Exponents lead singer Jordan Luck discusses his career and approach to songwriting in this episode from a series for secondary school music students. Luck recalls his own first musical steps at Geraldine High School and the realisation that he could write his own material. He performs an acoustic version of his classic song 'Victoria' which he wrote about the toll of domestic violence on his landlord at the time — an example of his preference for writing from personal experience. He also previews 'Finesse', a work in progress about Invercargill.
In this excerpt from TV2's 90s late night news show, a bemused Mark Staufer interviews Jordan Luck (aka "slightly tipsy singer") as his band The Exponents plays on a rooftop on Auckland's Karangahape Road, to promote a new album and summer tour. The jokes about not falling off may have a point. Luck suggests the new release is "a magical recording of ancient times" and confirms that they will be touring the whole country, "and Greymouth as well ... and Westport". The bakery underneath is long gone — replaced by an adult shop. Bassist David Gent also says some words.
This concert from May 1983 finds Dance Exponents — one of five bands filmed for a Radio with Pictures live series — with their star on the rise, but yet to release their debut album. An irrepressible Jordan Luck and band mates Dave Gent, Brian Jones and Mike Harralambi perform six songs in front of an enthusiastic full house, at Auckland's premier venue Mainstreet Cabaret. Highlights include a sparse, urgent 'Victoria' and a barnstorming 'Airway Spies'. Opening song 'Perfect Romance' was only ever released in this version on a companion live album.
Dressed as a 1920's flapper bride, Karyn Hay introduces highlights from the TVNZ rock show’s televised concerts at the now demolished Mainstreet Cabaret on Auckland's Queen Street. The songs are Dance Exponents' 'All I Can Do' (with a sweaty Jordan Luck), an impassioned 'Billy Bold' from Graham Brazier's Legionnaires, Hip Singles' 'After the Party' (with snappy high kicks from Dick Driver), a brassy 'Outlook for Thursday' from Dave Dobbyn's DD Smash, a rocking 'Look the Other Way' from The Narcs and Coconut Rough's moment in the sun 'Sierra Leone'.
RWP reporter/director Brent Hansen (later head of MTV Europe) visits the South Island: checking venues, talking to local luminaries, catching live bands and generally taking the pulse of the local music scene. Flying Nun is on the rise (and just starting to attract international attention) although none of the label's major acts are playing near the RWP cameras. Christchurch is in flux waiting on the next big pop act to emerge, while Dunedin is a hive of activity with a new generation of Flying Nun acts starting to come through. Then there's Crystal Zoom...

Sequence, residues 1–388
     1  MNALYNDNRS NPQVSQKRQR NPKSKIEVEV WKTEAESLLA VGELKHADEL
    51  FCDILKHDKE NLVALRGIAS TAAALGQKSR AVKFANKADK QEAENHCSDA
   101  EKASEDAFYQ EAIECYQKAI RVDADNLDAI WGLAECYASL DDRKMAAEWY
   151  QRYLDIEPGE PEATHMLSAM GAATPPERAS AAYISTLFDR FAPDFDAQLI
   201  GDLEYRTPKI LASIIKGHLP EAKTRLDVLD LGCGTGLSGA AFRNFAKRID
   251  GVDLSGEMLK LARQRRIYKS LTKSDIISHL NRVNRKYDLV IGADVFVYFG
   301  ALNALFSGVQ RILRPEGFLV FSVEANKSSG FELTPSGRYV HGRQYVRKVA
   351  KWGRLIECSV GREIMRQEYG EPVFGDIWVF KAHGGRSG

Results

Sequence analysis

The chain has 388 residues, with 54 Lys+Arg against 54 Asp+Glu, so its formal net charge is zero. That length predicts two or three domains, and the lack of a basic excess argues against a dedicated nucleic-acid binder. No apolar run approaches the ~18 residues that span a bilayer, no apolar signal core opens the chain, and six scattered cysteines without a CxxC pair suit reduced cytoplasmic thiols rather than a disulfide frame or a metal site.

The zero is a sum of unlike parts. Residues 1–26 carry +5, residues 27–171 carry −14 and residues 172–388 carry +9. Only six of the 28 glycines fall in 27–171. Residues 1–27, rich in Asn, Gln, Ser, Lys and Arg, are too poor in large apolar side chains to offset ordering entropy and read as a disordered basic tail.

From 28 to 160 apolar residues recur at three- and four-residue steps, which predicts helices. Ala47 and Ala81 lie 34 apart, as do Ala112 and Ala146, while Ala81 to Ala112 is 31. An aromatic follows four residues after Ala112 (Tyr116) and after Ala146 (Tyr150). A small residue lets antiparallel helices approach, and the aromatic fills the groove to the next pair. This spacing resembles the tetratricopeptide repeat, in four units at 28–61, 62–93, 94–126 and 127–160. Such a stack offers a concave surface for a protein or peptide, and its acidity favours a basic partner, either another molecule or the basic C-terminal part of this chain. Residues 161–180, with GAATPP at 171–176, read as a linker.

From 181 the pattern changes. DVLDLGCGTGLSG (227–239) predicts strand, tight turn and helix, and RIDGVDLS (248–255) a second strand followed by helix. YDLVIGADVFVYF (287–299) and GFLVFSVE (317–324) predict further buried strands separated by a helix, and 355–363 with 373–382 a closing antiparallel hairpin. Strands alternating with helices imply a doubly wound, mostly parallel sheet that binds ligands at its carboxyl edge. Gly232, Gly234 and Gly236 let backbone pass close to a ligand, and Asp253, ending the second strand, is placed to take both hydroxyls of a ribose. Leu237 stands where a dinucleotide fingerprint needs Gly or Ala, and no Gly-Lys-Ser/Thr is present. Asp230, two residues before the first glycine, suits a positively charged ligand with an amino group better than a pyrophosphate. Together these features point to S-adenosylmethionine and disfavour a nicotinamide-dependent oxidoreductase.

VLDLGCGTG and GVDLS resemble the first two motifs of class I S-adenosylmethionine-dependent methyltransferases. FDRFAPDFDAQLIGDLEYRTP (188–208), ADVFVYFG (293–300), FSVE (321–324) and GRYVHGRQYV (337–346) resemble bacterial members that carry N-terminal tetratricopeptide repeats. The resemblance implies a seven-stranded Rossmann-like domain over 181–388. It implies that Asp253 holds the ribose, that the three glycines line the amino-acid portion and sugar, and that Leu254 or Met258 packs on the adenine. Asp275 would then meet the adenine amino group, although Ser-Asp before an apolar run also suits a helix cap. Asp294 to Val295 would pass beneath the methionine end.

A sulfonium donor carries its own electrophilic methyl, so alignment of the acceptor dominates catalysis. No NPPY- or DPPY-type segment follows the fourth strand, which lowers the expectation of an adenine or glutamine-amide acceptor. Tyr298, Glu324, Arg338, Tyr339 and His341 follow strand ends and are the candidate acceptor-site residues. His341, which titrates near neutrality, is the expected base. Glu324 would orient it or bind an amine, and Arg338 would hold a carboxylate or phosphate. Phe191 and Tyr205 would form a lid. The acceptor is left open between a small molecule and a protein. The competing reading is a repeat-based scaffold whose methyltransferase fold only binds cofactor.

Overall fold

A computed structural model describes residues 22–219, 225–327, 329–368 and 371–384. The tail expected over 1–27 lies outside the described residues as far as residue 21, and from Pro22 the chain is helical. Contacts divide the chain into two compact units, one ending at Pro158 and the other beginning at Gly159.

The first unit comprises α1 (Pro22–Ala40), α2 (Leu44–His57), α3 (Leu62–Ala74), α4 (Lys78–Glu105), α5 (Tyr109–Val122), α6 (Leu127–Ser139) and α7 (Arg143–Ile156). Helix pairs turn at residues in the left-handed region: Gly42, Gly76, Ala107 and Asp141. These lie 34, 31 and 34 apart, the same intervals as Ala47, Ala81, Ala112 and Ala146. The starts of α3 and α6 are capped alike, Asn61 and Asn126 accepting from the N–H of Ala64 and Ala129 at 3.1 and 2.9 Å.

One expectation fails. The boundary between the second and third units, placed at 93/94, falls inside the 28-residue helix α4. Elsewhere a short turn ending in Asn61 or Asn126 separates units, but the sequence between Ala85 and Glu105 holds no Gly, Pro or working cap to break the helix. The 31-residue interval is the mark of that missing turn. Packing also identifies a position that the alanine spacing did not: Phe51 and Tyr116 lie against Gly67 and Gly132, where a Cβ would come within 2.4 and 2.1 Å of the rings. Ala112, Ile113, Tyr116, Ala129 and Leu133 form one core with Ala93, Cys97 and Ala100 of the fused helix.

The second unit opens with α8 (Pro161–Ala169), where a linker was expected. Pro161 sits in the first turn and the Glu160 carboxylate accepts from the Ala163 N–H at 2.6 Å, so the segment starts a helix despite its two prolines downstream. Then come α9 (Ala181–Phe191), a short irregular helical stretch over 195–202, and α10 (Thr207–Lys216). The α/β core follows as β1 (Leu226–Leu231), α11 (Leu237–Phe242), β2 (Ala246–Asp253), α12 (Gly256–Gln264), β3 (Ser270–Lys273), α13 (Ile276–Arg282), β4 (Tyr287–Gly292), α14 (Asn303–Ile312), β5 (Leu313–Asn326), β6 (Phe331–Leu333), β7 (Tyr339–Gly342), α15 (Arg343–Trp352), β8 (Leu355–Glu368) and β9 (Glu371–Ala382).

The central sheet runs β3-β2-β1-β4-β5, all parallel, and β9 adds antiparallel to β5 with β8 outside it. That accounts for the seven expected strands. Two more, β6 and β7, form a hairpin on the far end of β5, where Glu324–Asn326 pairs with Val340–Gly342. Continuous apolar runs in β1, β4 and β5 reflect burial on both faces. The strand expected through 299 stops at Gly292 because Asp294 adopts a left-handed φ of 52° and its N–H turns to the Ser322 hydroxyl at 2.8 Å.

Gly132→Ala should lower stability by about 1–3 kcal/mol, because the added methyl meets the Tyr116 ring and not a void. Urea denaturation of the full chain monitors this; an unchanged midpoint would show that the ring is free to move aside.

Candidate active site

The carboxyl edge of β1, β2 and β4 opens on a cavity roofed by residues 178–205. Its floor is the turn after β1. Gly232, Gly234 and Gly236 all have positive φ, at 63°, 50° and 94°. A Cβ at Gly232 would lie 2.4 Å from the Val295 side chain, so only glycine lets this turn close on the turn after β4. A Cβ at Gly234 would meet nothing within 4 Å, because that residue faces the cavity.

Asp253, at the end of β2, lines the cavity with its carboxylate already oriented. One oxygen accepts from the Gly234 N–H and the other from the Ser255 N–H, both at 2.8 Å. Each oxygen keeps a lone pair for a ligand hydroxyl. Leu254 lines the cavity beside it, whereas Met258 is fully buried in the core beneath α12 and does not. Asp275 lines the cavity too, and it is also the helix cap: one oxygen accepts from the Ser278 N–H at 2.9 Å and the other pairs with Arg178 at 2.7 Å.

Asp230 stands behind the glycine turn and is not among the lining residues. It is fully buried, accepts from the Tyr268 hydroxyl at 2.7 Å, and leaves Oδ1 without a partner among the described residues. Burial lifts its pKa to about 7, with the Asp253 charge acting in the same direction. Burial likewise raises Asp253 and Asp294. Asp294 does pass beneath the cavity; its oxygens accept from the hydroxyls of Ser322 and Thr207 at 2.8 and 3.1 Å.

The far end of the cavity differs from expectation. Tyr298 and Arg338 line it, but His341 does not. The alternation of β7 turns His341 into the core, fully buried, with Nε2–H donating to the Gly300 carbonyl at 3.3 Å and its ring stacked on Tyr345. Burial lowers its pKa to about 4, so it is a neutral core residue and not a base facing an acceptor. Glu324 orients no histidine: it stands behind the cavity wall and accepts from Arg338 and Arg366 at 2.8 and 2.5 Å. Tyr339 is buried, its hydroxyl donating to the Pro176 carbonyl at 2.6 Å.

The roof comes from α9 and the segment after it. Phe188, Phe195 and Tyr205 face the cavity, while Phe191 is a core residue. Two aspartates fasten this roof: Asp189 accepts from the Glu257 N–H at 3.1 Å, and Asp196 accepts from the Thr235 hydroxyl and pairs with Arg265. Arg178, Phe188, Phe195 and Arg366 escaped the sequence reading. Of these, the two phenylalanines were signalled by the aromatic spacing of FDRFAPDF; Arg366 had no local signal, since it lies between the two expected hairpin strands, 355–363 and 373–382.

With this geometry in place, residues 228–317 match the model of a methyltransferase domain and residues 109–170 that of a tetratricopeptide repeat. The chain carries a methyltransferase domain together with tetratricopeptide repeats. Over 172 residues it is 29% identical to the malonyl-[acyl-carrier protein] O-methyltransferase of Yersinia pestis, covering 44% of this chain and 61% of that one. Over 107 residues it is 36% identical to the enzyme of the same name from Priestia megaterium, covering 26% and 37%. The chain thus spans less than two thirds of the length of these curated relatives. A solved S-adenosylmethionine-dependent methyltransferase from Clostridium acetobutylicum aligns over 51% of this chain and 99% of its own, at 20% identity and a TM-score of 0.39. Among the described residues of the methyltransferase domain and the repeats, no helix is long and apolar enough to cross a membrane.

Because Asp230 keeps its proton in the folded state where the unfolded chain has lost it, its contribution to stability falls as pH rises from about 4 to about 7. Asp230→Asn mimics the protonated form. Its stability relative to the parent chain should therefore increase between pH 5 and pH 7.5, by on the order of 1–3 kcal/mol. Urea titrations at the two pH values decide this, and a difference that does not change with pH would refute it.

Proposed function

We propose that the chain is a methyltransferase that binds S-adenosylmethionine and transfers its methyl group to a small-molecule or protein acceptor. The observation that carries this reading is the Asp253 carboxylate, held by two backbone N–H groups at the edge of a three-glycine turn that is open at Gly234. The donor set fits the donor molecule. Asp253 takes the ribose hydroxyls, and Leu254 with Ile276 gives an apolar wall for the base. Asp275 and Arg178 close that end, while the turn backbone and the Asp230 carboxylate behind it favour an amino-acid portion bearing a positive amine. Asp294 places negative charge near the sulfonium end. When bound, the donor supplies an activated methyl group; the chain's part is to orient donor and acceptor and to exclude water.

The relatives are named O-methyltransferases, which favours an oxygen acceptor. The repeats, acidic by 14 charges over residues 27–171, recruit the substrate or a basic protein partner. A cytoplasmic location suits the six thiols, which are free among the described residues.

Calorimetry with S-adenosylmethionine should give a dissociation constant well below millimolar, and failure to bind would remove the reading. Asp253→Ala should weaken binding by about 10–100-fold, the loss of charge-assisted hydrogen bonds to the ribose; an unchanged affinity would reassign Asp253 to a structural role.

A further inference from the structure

Dance Exponents were the crown princes of NZ pop when they released this left field follow-up to their very successful debut album. ‘Sex and Agriculture’ introduced new guitarist Chris Sheehan and marked a major departure from hook-filled pop songs into harder, noisier territory. A rhythmic, driving soundtrack punctuated by Sheehan’s atmospheric guitar undercuts lyrics that could describe a rural idyll. Jordan Luck grows increasingly desperate in this shadowy, constricted TVNZ video which echoes the song’s dark claustrophobic sense of rural dread.
This infectious song about the heartache of love took Jordan Luck roughly five minutes to write in an east London squat. It was the band's first release after a brief name change to Amplifier, then a shortening to The Exponents. Despite its unlikely origins and subject matter, the song has become an enduring Kiiwi sports stadium sing-along — rivalling Dave Dobbyn's 'Loyal' for unofficial national anthem status. The song's simplicity is matched by director Kerry Brown's video, which allows the band to do what they do best, in scenic spots including Waiotapu hot springs.
The Dance Exponents (later shortened to The Exponents) formed in Christchurch in 1981, and went on to become one of New Zealand's longest lasting bands. Over three decades they played live gigs across the country, and in Britain to big ex-pat crowds. Singer Jordan Luck's rock'n'roll lifestyle is legendary; so are the band's perfect pop songs. The hits include 'Victoria', 'Why Does Love Do this to Me?', 'Who Loves Who the Most?', and 'I'll Say Goodbye (Even tho' I'm Blue)'' — songs embraced by successive generations of Kiwis. In 2007 Luck became the first songwriter inducted into the APRA NZ Music Hall of Fame.
This was the song that started it all for The Exponents. Instead of the usual TVNZ studio cheapie, the promo is a film clip, complete with fantasy 80s Christchurch night-life scenes. The song was inspired by Jordan Luck's onetime landlord, who was trapped in an abusive relationship. Locations include the Arts Centre and deco apartments opposite. Reaching number six, the song would prove to be the biggest hit on a debut studio album packed with classics. Luck later described it as "a strange song to pick as a first single"; but the right one.
Post-punk trio Blam Blam Blam formed on Auckland’s North Shore in 1980: Don McGlashan (vocals, drums), Mark Bell (guitar) and Tim Mahon (bass). Their second single was the legendary ‘There is No Depression in New Zealand’ — a theme song for the Springbok Tour-marred winter of 1981. A van crash seriously injured Mahon and spelt the end of the Blam. McGlashan later formed The Mutton Birds, before going solo. Mark Bell played in Coconut Rough and The Jordan Luck Band, and has written for NZ Musician. Tim Mahon joined Dead Sea Scrolls and spent time as Manukau City Council's arts coordinator.